The Minorite monks settled in Tîrgu-Mureş at the beginning of the 18th century, hosted by count Keresztes Márton József in his home inside the fortress. As soon as the fortress was turned into an Austrian military headquarters, the houses were destroyed; therefore the Minorites had to move to Curteni, a village a few kilometers away from the city.
It is unknown when the works on the church and monastery dedicated to Saint Anthony of Padua began. The inscription on its façade indicates the year 1725, in contradiction with the documents that certify the arrival of the Minorites in Tîrgu Mureş in 1726. Most sources indicate that the works were initiated sometime between 1735 and 1740. The building complex was conceived initially as the most sumptuous religious edifice in town, but was not finalized due to lack of funding.
The first stage of construction was finalized in 1767, in a very sober Baroque style as far as decorations are concerned, but at its best in terms of structural solutions. The complex included the church with a wooden tower and a long, two-storey building attached to the church. In 1892, the entrance and the wooden tower were re-built out of bricks, and at the beginning of the 20th century the monastery was built, turning the complex into an U-shaped ensemble.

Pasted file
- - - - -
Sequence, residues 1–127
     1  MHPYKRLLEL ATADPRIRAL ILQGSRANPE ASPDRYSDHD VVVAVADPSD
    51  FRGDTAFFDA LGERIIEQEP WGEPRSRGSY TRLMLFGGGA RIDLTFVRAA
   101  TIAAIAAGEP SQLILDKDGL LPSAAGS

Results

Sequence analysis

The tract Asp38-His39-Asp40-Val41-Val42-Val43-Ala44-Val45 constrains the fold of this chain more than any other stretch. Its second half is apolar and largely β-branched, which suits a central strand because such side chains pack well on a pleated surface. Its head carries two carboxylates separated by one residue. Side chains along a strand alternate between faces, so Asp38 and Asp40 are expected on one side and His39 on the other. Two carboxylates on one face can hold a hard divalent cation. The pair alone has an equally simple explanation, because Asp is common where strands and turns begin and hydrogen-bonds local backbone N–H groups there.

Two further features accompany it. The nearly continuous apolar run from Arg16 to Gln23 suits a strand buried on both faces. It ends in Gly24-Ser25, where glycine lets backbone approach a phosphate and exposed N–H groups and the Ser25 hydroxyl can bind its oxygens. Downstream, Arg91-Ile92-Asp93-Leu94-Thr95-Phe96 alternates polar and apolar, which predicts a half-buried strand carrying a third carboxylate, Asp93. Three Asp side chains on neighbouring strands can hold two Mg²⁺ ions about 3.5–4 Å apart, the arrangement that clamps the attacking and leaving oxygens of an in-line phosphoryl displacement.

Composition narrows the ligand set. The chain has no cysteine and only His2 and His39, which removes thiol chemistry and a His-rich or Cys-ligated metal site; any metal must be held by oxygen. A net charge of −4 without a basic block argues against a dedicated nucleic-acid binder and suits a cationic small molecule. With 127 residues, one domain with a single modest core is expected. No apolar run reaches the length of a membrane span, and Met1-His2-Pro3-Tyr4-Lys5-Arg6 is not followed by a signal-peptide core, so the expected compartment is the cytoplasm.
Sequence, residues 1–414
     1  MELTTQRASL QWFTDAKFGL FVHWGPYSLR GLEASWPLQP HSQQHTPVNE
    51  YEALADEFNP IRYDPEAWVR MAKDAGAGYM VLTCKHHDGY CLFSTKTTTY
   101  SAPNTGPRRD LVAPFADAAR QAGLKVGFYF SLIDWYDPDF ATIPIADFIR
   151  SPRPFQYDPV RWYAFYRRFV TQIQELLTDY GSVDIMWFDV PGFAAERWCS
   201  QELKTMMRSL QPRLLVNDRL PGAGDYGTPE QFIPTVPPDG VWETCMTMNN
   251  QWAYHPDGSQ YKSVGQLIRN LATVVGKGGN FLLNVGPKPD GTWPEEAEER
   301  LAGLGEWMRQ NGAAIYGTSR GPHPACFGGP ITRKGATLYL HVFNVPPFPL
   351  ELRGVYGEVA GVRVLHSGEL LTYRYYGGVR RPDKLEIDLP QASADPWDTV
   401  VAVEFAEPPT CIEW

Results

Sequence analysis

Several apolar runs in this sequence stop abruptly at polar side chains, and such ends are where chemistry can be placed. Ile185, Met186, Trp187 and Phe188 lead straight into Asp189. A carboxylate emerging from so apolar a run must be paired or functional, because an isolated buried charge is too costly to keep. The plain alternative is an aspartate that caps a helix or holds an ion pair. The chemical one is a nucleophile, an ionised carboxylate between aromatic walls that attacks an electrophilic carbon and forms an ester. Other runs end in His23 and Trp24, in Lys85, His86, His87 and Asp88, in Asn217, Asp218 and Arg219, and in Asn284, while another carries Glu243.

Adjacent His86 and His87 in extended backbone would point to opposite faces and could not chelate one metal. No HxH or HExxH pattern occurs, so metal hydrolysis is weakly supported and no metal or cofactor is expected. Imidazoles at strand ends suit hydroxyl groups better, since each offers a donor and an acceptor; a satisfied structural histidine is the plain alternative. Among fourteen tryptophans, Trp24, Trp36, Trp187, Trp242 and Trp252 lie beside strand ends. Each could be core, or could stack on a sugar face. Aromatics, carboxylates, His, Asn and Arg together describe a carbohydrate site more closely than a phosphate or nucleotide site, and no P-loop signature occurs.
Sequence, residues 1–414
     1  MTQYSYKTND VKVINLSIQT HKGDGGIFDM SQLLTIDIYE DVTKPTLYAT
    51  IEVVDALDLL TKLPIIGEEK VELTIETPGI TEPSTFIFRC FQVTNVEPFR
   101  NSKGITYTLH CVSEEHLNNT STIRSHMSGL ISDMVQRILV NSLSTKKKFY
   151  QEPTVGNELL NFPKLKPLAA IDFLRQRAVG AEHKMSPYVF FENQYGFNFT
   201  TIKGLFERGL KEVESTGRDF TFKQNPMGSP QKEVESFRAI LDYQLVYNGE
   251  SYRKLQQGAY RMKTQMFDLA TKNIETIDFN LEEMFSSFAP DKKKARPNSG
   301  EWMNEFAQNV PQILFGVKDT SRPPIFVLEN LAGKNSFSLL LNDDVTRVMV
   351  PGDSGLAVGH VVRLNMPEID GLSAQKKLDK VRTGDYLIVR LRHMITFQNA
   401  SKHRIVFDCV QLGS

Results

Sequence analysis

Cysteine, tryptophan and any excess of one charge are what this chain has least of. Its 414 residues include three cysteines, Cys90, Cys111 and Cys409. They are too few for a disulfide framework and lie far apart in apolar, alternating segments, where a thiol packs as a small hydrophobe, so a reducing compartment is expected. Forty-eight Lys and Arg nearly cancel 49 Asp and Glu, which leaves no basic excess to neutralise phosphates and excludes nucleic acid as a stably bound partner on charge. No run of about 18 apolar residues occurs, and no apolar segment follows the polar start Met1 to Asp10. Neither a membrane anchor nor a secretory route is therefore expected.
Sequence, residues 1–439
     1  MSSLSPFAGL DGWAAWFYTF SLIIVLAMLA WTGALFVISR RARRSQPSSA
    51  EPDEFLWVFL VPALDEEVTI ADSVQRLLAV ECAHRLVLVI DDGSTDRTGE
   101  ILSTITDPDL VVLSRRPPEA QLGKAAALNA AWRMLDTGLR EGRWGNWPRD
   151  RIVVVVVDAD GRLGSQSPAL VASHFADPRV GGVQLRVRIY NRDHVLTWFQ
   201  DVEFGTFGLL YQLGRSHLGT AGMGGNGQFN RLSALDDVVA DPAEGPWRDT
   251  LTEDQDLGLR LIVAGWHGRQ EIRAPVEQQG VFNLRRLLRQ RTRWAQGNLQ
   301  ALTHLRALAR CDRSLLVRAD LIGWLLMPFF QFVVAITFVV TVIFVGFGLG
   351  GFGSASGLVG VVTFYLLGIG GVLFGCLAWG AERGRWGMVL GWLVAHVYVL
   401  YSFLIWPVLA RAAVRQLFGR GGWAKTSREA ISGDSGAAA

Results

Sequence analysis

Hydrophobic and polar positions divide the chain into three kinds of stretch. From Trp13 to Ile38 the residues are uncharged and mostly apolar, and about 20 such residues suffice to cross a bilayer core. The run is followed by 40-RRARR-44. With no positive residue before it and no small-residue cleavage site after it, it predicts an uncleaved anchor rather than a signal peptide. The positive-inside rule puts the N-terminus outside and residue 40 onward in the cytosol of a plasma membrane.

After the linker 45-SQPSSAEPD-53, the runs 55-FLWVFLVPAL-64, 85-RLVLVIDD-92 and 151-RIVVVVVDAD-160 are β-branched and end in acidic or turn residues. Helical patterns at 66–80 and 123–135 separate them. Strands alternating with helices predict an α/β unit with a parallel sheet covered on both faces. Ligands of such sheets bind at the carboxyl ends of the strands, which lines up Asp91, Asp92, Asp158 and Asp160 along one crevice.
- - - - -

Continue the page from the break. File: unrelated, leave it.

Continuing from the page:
The plan of the church is simple. It is made up of a tower, a small pentagonal pro-nave, a nave with a single trave and an altar of roughly the same size as the nave. On the right side of the altar there are two doors that connect it to the monastery. The first room of the monastery is the sacristy, followed by other rooms connected to a long corridor ending with the staircase that leads to the first floor. The roof for both the church and the monastery is made up of bohemian caps reinforced with arcs supported by pilasters. The pilasters of the altar are also decorative thanks to their composite caps. The facades are sober, with no decorative elements. The windows are simple, semicircular, and do not have profiled framings.In time, the monastery building changed its destination several times.
It hosted the Institute of Theology between 1895 and 1914 and the Primary School Teachers’ College between 1945 and 1948, and later was turned into a boarding house for Medical School female students.
Via. Images from here.
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